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Stuart, Charles Edward

Stuart, Charles Edward (1720–88), the ‘Young Pretender’. Elder son of James Francis Edward Stuart, the son and heir of the exiled James II and VII, Charles was the Jacobite prince of Wales. He was born in December 1720 in Rome to James and his teenage Polish wife Clementina Sobieska. Another son, Henry Stuart, was born in 1725 to this unstable marriage. Charles was a robust and wilful child, who was nominally blooded for war by being present at the age of 13 for a few days at the siege of Gaeta.

Early in 1744 he left Italy for France carrying his father's commission as prince regent, having been summoned to accompany a proposed French invasion of England. It was cancelled. In July 1745 Charles sailed for Scotland to raise a rebellion in the Highlands, with the hope of stimulating French aid. Total self-confidence, plus a limited grasp of reality, and the outstanding generalship of Lord George Murray, carried him through a conquest of Scotland and march to Derby which made him a hero. His period of hiding after his defeat at Culloden endeared him to romantics as ‘ Bonnie Prince Charlie’. Yet he was an embarrassment to Louis XV (who was seeking peace) on his return to France, from which he had to be expelled. The rest of his life was a protracted anti-climax, full of failed relationships and alcoholism. He died in Rome in 1788.

Bruce Philip Lenman

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Stuart, Charles Edward

Charles Edward Stuart, 1720–88, claimant to the British throne, b. Rome. First son of James Francis Edward Stuart (the Old Pretender), he was known as Bonnie Prince Charlie and as the Young Pretender. When the failures and irregular life of the Old Pretender had alienated his followers, Charles Edward, a charming young man, magnanimous and brave, became the hope of the Jacobites. He led them in the rising of 1745, but all his enthusiasm could not avert the defeat at Culloden Moor in 1746. Charles fled to a Highland refuge, then escaped abroad with the aid of Flora Macdonald. He was expelled from France after the Treaty of Aix-la-Chapelle (1748) and roamed about Europe, a broken drunkard. After his father's death (1766) he lived in Rome as the self-styled count of Albany and in 1772 married Princess Louise of Stolberg-Gedern (see Albany, Louisa, countess of). They separated in 1780, and Charles Edward was attended in his later years by his illegitimate daughter, Charlotte. He died in Rome. There is much English and Scottish poetry and romantic literature about Bonnie Prince Charlie.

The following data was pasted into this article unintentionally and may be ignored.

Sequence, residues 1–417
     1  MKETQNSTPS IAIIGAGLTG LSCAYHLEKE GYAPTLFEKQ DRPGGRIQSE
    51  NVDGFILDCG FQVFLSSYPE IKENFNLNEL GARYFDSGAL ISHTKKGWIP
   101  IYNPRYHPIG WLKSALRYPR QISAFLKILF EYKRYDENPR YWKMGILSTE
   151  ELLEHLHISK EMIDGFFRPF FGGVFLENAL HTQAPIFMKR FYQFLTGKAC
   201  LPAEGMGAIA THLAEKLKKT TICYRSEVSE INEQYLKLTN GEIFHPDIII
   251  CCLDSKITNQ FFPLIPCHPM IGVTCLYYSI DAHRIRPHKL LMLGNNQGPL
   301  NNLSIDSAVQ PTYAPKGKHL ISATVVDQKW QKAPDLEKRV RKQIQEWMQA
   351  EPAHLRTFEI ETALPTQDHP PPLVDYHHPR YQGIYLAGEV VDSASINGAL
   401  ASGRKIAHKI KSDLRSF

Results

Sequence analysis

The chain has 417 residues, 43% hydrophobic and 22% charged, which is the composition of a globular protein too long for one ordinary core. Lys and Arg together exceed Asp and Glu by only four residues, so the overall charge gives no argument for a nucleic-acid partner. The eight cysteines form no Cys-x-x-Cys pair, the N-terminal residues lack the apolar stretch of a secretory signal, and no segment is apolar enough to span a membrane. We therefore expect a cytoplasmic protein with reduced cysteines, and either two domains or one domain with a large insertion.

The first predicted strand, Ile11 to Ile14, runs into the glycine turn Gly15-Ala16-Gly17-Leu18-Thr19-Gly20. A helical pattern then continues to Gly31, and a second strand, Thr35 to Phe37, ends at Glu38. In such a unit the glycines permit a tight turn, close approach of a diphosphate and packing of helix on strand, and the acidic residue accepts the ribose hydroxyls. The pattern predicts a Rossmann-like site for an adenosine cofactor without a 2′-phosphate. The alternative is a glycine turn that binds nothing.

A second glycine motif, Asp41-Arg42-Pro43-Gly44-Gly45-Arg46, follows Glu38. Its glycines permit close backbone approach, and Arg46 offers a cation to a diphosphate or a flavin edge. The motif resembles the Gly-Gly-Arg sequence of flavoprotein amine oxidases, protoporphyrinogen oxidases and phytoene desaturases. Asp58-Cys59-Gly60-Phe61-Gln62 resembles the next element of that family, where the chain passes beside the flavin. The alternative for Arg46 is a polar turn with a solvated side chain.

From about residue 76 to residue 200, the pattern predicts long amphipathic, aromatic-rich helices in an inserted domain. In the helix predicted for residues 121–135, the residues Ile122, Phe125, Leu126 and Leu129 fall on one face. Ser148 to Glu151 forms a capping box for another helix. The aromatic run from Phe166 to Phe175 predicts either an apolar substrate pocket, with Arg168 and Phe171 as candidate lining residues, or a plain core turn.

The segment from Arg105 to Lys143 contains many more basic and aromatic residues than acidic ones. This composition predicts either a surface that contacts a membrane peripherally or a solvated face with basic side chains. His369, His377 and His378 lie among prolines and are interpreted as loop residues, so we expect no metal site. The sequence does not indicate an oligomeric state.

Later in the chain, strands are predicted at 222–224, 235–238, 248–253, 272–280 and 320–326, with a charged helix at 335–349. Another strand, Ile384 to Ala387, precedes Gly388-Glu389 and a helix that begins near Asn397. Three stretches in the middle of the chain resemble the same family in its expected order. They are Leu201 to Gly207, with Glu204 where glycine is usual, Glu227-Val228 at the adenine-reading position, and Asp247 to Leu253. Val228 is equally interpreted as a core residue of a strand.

See biographies by M. McLaren (1972), D. Daiches (1973), M. Forster (1974), and F. McLynn (1988); see also bibliography under Jacobites.

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Stuart, Charles Edward

Stuart, Charles Edward (1720–88) Scottish Prince, known as ‘ Bonnie Prince Charlie’ or the ‘Young Pretender’. A grandson of the deposed James II, he led the Jacobites in the rebellion of 1745 (‘the '45’) on behalf of his father, James, the ‘Old Pretender’. Landing in the Scottish Highlands without the hoped-for backing of France, Bonnie Prince Charlie gained the support of many clan chiefs, defeated government troops at Prestonpans, e central Scotland, and marched on London. Lacking widespread support in England, he turned back at Derby. The following year, his largely Highland force was decimated in the Battle of Culloden. He escaped to the continent and lived in exile until his death.

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Bonnie Prince Charlie

Bonnie Prince Charlie name given by his supporters to the young Charles Edward Stuart (1720–88), otherwise known as the Young of Chancery.

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Bonnie Prince Charlie

Bonnie Prince Charlie: see Stuart, Charles Edward.

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Charles Edward Stuart

Charles Edward Stuart: see Stuart, Charles Edward.

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Charles Edward Stuart

Charles Edward Stuart See Stuart

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